If you are travelling to the Ziarat Valley in Balochistan and love to witness nature at its best, don’t forget to take a detour from your trip to Quetta and explore the juniper forests of Ziarat. The forest, spread over more than 250,000 acres, is home to some of the oldest trees in the world, with many of them said to be nearly 5,000 to 7,000 years old. Here’s all you need to know about the Ziarat Juniper Forest.
About the Ziarat Juniper Forest
The juniper forests of Ziarat are fairly popular, primarily because they are the world’s second-largest biosphere reserve as well as the second-largest juniper forest in the world, second only to the juniper forests of California in the United States. The forest was declared a biosphere in 2013.
While there are several different types of forests in Pakistan, what sets the Ziarat Juniper Forest apart from the rest is that it contains trees that are several thousand years old, earning them the title of ‘living fossils’. Since this forest in Balochistan is spread out over the local mountains, it ranges between the heights of 3,000 feet to 11,500 feet above sea level. The trees that are indigenous to the area have been a great help in studying climate changes and ecological patterns over the years.
Plants Native to the Ziarat Juniper Forest
As the name suggests, the forest is primarily home to juniper trees that grow up to provide a large shady canopy. The plants bear a blackish blue round fruit called the juniper berry, which is mainly used for its oil and to enhance the flavour of various cuisines.
However, the forest actually has more than 50 different species of plants because it is located at the meeting point of 5 different habitats. Most of these plants and shrubs are used as herbal medicine to treat different ailments. Some of the plant species at Ziarat Juniper Forest include Wild Pistachio, Wild Ash, Danda Thor Cactus, Zig Zag Plant, and Wild Almond.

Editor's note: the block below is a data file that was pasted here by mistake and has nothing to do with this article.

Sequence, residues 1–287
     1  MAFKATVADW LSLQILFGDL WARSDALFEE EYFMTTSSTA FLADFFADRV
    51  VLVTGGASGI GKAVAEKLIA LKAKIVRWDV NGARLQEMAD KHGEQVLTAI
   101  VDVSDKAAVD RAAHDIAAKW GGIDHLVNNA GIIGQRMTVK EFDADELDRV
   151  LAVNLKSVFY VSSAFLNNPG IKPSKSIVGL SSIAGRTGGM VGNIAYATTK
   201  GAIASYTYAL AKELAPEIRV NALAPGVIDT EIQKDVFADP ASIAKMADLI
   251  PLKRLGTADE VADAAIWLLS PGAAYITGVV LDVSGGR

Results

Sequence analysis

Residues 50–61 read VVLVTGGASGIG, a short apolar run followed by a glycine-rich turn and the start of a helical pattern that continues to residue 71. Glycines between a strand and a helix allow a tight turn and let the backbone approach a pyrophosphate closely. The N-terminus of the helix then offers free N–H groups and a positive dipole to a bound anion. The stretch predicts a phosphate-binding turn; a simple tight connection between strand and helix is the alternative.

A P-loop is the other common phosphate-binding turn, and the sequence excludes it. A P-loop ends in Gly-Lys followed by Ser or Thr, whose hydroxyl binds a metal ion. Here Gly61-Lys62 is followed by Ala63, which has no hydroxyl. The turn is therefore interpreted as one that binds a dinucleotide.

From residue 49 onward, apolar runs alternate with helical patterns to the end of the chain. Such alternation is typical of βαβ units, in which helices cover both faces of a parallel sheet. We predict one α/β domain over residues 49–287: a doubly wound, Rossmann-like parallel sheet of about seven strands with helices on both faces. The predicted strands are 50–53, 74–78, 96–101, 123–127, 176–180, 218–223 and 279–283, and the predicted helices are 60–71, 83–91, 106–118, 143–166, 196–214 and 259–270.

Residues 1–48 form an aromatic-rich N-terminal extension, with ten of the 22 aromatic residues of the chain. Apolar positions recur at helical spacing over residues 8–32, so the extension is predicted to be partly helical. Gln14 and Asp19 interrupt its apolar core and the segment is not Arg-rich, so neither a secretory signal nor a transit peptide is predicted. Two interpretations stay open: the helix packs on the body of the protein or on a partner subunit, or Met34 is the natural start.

Animals Native to the Ziarat Juniper Forest
The juniper forests at Ziarat are home to several endangered animals, including Asian black bears, Urials, and the Suleiman Markhor. Other species commonly found in the forest include foxes, wolves, Afghan Pika, and jackals. Many migratory birds also flock to these trees during the breeding season, including Chukar Partridges, Mistle Thrush, Bar-tailed Tree Creeper, Rufous-Naped Tit, Streaked Laughing Thrush, and the Black-Throated Thrush.
How to Get to Ziarat to Visit the Forest?
Ziarat is a popular tourist destination for those looking for some peace and quiet. It gained fame when Quaid-e-Azam Muhammad Ali Jinnah sought refuge and peace here at his home, called the Ziarat Residency, during his illness, shortly before his demise.
Located amidst high hills, the route to Ziarat zigzags across the mountains, climbing steadily uphill. You will see plenty of juniper trees in bloom along the road even before you reach Quetta, which is the largest town in the region. Taking an uphill road from Quetta helps you reach the hill station at Ziarat in about 3 hours.
The Changa Manga Forest in Punjab is another famous woodland in Pakistan, which owes its popularity to being one of the largest man-made forests in the world. Don’t forget to check out our posts on the different forests in Sindh and the list of forests in Punjab for more information on the forestry resources in Pakistan.